Global stock and bond markets fell on Friday after upbeat UK retail sales data bolstered expectations that central banks will move quickly to tighten monetary policy.
Short-term borrowing costs in the UK are expected to post their biggest rise this week in more than a decade, climbing 0.12 percentage points on Friday to 2.57%, up around half a percentage point since the end of last week. Such large moves are unusual in the gilt market, which is generally seen as a safe haven during times of broader market turmoil.
The surge in two-year yields shows how investors bolstered their expectations of a rate hike by the Bank of England after warmer-than-expected inflation data on Wednesday and a report on Friday that pointed to robust British consumer spending.
In turn, the sharp moves in UK government bonds spilled over into other stock, money and bond markets. Yields on short-term debt in Germany and Italy rose by 0.1 and 0.18 percentage points respectively. Meanwhile, the 10-year US Treasury yield – considered a proxy for global borrowing costs – climbed 0.08 percentage points to 2.96%.
The pound fell 0.9% against the dollar to $1.18, while the greenback gained 0.5% against a basket of six currencies. The Chinese renminbi also fell to its lowest level since 2020 against the dollar as markets priced in higher global interest rates.
“It’s easier [for the UK] to dominate global markets when it’s a lean summer month,” said Kit Juckes, macro strategist at Societe Generale, who suggested the pound could fall to $1.15.
But he added: “They are all so correlated. The UK has the worst trade-off between inflation and growth, but that doesn’t mean no one else has the same trade-off.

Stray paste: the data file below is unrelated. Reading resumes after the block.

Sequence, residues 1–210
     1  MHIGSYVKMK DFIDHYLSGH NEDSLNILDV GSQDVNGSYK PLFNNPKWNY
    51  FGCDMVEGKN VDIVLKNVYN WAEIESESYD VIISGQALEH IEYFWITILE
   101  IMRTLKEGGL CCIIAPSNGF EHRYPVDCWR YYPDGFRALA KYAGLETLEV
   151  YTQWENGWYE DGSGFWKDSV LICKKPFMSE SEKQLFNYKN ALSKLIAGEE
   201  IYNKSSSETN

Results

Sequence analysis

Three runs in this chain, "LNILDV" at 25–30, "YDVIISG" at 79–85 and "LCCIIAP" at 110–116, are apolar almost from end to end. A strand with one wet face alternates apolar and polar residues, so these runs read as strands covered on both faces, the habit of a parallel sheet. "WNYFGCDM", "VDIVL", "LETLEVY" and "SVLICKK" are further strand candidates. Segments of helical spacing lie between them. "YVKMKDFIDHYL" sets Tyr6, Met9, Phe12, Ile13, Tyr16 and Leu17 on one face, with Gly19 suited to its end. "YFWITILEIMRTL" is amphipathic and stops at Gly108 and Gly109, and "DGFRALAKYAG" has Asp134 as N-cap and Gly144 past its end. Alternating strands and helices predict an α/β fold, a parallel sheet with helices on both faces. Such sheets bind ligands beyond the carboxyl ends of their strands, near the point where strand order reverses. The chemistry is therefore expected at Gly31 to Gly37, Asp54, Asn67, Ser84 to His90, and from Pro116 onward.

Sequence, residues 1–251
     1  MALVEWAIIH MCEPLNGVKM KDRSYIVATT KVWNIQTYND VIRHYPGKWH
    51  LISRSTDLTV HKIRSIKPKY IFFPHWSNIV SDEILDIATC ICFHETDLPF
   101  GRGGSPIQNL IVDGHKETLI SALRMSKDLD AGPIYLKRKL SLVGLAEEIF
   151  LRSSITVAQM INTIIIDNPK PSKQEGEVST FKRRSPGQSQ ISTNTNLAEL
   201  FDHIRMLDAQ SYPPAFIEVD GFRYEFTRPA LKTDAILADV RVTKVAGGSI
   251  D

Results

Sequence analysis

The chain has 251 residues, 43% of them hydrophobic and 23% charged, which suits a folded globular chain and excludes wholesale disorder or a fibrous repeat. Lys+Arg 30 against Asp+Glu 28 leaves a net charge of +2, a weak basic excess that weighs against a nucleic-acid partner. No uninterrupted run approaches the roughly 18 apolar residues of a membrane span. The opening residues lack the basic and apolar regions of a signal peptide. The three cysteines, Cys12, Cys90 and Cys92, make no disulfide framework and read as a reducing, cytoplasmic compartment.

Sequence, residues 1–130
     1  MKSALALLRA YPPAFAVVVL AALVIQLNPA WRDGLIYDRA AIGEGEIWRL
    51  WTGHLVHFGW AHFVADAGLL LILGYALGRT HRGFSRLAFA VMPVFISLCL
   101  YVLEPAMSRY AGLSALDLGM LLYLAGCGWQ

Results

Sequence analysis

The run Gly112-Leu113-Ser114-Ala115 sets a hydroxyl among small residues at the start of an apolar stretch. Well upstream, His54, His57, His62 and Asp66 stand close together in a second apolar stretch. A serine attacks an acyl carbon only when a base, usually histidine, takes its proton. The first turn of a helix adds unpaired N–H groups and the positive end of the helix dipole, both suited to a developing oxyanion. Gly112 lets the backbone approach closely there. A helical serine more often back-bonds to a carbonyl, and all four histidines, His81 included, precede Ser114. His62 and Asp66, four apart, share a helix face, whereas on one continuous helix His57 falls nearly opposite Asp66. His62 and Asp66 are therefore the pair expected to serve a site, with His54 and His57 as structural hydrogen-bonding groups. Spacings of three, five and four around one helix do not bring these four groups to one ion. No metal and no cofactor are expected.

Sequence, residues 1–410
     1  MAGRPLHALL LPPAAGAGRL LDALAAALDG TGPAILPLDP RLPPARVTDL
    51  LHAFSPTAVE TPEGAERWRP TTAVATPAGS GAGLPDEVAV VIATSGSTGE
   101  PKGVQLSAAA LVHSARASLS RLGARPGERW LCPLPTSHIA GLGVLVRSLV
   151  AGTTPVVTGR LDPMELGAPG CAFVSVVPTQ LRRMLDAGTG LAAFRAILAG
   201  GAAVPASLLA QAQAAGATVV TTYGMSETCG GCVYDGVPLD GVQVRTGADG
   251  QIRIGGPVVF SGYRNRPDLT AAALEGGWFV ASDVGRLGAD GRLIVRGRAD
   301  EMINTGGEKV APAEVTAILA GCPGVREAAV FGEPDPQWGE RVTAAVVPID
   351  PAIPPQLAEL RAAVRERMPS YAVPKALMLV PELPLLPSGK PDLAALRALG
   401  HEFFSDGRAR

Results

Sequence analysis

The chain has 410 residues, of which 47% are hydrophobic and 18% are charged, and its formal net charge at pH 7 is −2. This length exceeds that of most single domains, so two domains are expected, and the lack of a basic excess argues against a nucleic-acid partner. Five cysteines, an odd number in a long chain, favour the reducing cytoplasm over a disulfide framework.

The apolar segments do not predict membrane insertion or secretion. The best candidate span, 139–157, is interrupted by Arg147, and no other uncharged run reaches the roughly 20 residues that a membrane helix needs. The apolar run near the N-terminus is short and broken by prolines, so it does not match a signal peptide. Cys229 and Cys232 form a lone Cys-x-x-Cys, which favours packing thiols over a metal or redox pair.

In equity markets, futures on Wall Street’s S&P 500 and the tech-heavy Nasdaq 100 fell about 1%. The European Stoxx 600 fell 0.3%. London’s FTSE 100 gained 0.2%.
UK retail sales data on Friday showed a monthly rise of 0.3% in July, much better than a Reuters poll expected for a 0.2% drop.
The data was skewed by a surge in online sales due to Amazon’s Prime Day sale, but showed how consumers are still spending even as the cost of living crisis bites, figures from the consumer price index this week showing a 10.1% increase in year of inflation. -over the year until July.
“This is where good news becomes bad news,” said Kiran Ganesh, multi-asset strategist at UBS Global Wealth Management. The data that opens the door to big rate hikes also dims the outlook for future economic growth on the premise that bigger increases in borrowing costs will push the UK economy into a deeper recession, he said. added.
“Of all the major economies, the UK is the closest to falling into the bucket of stagflation,” Ganesh said.
Money markets are now pointing to expectations that the BoE will raise its main interest rate by around 2.2 percentage points by the end of May 2023, up from around 1.6 percentage points at the end of the week. last.
Traders also look to next week, when central bankers gather in Jackson Hole, Wyoming, for the Kansas City Federal Reserve’s annual economic symposium where they will discuss steps to rein in runaway inflation. The Jackson Hole summit is often used as a platform by the Fed, the world’s most influential central bank, to make major announcements about its policy stance.
“The narrative for the past few weeks has been the idea of a Fed pivoting and getting inflation under control,” Ganesh said. “But Fed members pushed back on that and maybe some investors are betting they’ll send a more hawkish message to Jackson Hole.”